Adolescence period presents a window of opportunity for action in nutrition intervention since it is the transitional period between childhood and adulthood (WHO, 2005). Several studies on weight management have reported successes in controlling weight among adolescents stories in that adolescents are more likely to respond to interventions than other age groups (Rancourt et al., 2018; Steinbeck et al., 2018). Although weight management is a continuous process, children and adolescent seem to master and maintain weight management routines, however among successful adults, the process had to start during childhood (Joki et al., 2020). Adolescents respond to weight management interventions and seek to reduce and control their weight for reasons such as appearance and acceptance by peers (Silva et al., 2018). Of importance to note is that most weight control studies report that age is not significant while treating adolescent and reporting success in weight loss (Rancourt et al., 2018). This is because studies treat adolescents as homogenous groups despite differences in developmental changes between early, mid and late adolescents (Rancourt et al., 2018). Successful interventions for adolescent weight management include dietary intake, physical activity, however delivery of treatment through internet and telephone are novel and most welcome ideas among this group (Butryn et al., 2010).  These traditional overweight interventions targeting diet and exercise improvements have reported inconclusive result on effectiveness. A Cochrane review and meta-analysis (conducted mostly in high-income countries) showed that school-based obesity prevention interventions had modest to no effect on the BMI (Hodder et al., 2022). However, interventions with multidisciplinary approach including family support and guided behavior modification seem to reduce BMI with overweight and obese adolescent (Boff et al., 2017).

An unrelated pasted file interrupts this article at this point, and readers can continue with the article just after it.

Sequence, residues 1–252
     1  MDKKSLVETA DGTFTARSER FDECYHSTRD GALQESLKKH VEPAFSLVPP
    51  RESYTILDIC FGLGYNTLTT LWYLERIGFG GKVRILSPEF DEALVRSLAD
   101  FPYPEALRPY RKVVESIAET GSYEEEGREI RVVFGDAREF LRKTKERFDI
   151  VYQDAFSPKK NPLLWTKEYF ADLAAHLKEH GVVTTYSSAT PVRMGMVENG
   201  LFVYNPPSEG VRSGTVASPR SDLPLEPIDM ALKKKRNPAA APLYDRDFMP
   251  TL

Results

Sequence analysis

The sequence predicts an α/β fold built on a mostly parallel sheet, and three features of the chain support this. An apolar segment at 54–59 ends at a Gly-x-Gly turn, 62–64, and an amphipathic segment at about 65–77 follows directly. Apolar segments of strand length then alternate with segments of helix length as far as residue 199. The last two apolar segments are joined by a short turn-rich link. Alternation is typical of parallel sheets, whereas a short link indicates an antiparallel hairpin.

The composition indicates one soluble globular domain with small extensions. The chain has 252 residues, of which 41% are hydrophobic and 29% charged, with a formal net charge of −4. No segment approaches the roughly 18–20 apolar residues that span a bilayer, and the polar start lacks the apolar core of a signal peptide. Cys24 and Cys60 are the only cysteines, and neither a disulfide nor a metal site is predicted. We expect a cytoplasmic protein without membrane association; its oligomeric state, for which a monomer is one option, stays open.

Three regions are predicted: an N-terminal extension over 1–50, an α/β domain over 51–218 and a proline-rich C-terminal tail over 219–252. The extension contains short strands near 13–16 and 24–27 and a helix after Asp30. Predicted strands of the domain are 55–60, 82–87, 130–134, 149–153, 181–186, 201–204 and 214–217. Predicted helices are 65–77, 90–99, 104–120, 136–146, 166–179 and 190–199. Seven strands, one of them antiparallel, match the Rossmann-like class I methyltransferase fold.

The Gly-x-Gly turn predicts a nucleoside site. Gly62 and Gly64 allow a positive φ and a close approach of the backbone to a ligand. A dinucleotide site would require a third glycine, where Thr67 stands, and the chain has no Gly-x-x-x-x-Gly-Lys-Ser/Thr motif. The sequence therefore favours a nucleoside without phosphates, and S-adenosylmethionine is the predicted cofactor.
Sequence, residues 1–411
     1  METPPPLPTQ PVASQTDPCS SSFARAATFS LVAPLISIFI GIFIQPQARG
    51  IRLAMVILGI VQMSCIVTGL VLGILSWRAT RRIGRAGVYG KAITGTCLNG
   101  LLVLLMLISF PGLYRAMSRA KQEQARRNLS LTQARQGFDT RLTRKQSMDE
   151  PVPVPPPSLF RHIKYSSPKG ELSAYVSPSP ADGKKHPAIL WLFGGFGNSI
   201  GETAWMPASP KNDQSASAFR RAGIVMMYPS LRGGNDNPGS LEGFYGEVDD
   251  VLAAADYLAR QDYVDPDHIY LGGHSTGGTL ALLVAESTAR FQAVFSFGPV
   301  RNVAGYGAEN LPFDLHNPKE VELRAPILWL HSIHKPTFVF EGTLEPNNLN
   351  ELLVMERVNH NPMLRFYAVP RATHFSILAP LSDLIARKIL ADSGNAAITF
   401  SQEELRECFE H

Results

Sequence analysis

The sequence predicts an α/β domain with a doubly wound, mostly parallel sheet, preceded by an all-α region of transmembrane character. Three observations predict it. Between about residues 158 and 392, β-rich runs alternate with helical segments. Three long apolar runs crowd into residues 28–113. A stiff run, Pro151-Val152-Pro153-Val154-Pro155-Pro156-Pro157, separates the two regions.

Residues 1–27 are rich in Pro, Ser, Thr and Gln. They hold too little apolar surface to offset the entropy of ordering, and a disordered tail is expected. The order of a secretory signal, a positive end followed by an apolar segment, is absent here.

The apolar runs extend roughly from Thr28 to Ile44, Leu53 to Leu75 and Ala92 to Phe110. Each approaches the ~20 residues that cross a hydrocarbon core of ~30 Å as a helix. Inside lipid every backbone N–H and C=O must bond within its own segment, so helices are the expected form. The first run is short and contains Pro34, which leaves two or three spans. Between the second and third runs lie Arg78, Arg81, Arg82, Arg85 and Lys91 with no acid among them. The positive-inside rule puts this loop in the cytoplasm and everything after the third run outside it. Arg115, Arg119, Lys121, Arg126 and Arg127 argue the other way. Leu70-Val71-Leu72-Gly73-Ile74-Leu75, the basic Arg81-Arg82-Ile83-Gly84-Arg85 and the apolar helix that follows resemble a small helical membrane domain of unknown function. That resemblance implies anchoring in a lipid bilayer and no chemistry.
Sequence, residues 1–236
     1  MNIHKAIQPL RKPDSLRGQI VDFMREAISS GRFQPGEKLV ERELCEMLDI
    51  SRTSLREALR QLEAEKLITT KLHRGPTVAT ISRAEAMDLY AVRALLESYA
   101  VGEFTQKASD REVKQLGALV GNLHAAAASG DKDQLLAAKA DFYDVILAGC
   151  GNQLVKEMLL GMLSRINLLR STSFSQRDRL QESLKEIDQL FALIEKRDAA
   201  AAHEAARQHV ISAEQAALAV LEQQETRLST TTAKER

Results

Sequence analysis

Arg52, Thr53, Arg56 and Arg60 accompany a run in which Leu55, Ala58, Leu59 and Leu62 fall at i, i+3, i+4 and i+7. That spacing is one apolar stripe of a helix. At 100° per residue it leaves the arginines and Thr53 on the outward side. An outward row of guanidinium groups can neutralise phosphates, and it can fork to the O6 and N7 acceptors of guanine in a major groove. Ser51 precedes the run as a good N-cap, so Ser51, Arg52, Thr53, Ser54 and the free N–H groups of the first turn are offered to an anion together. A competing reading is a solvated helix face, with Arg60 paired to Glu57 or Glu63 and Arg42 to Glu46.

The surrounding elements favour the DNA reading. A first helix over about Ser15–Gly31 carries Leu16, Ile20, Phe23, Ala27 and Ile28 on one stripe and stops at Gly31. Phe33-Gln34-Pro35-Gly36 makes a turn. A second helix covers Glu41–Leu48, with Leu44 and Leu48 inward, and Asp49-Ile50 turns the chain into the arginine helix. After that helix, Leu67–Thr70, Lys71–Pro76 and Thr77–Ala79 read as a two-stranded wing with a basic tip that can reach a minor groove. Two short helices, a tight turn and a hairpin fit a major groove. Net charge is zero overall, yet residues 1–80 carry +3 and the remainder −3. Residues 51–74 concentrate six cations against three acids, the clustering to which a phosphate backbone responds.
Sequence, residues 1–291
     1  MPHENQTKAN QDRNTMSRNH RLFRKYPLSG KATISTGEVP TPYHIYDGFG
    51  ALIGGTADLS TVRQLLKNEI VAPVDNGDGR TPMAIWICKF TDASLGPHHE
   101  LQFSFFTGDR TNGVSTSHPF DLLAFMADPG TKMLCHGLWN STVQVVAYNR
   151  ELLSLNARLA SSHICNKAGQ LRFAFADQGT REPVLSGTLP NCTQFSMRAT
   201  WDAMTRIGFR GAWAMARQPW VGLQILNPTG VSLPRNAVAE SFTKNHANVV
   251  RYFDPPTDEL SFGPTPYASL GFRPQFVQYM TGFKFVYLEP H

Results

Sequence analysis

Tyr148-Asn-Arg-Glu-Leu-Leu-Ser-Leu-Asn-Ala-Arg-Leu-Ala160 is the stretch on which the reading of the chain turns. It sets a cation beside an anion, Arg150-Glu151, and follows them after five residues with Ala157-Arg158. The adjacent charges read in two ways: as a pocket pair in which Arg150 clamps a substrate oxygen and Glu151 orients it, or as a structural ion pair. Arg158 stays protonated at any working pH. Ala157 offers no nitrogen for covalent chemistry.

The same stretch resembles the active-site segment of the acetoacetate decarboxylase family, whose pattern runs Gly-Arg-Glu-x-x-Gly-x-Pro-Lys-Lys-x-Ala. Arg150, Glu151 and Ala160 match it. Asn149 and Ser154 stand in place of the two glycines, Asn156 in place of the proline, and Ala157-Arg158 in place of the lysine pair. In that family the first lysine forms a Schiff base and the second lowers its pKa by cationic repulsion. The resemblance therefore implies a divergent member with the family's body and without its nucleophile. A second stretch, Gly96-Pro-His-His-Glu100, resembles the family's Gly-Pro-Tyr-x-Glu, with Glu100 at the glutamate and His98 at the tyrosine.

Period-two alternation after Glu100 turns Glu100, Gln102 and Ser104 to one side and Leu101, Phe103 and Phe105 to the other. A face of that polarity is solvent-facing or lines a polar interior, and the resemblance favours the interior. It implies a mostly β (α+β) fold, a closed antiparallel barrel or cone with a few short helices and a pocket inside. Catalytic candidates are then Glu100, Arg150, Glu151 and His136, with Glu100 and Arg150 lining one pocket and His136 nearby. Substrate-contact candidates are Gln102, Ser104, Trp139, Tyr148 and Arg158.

Whereas, the Global Food Security Index, indicate that the Finnish people have the highest food security in the world (Global Food Security Index 2022), however dietary habits among underlying challenges are pushing up the numbers of overweight among adolescents. In Finland, the prevalence and trends among adolescents indicate that 29% boys and 17% girls are overweight (WHO 2013). To control the spread of overweight and obesity in Finland, several strategies have been put in place. One such strategy was the National Obesity Programme between 2012-2018 (The wellbeing through nutrition and physical activity) coordinated by The National Institute for Health and Welfare with the overall aim to achieve a downward trend in obesity. Another one is On the Move: The National Strategy for Physical Activity Promoting Health and Wellbeing, 2020. Leveraging on these programmes, and the recommendations as well as lessons learnt, there is need to find more innovative ways to reduce overweight. In addition, there is no single intervention that can work against overweight and that there is need for a collaborative approach and more so within early education, schools, and other stakeholders working with parents and children.  Treating childhood and adolescent obesity should be based on multi-professional expertise of medicine, nutritional science, behavioral sciences, and physiotherapy (The Finnish Medical Society Duodecim, 2021). Such approach is used in an ongoing adolescent weight management-project (Nuorten paino hallintaan) at Laurea University of Applied Sciences, aiming to develop a school-based multidisciplinary and multi-professional cognitive-behavioral method-based strategy to decrease overweight among 13–18-year-olds. Within this project we want to draw attention not only the physical health but also to the psychological and social issues related to obesity and overweightness, such as loneliness, depression, and risk of being bullied (Rankin et al., 2016).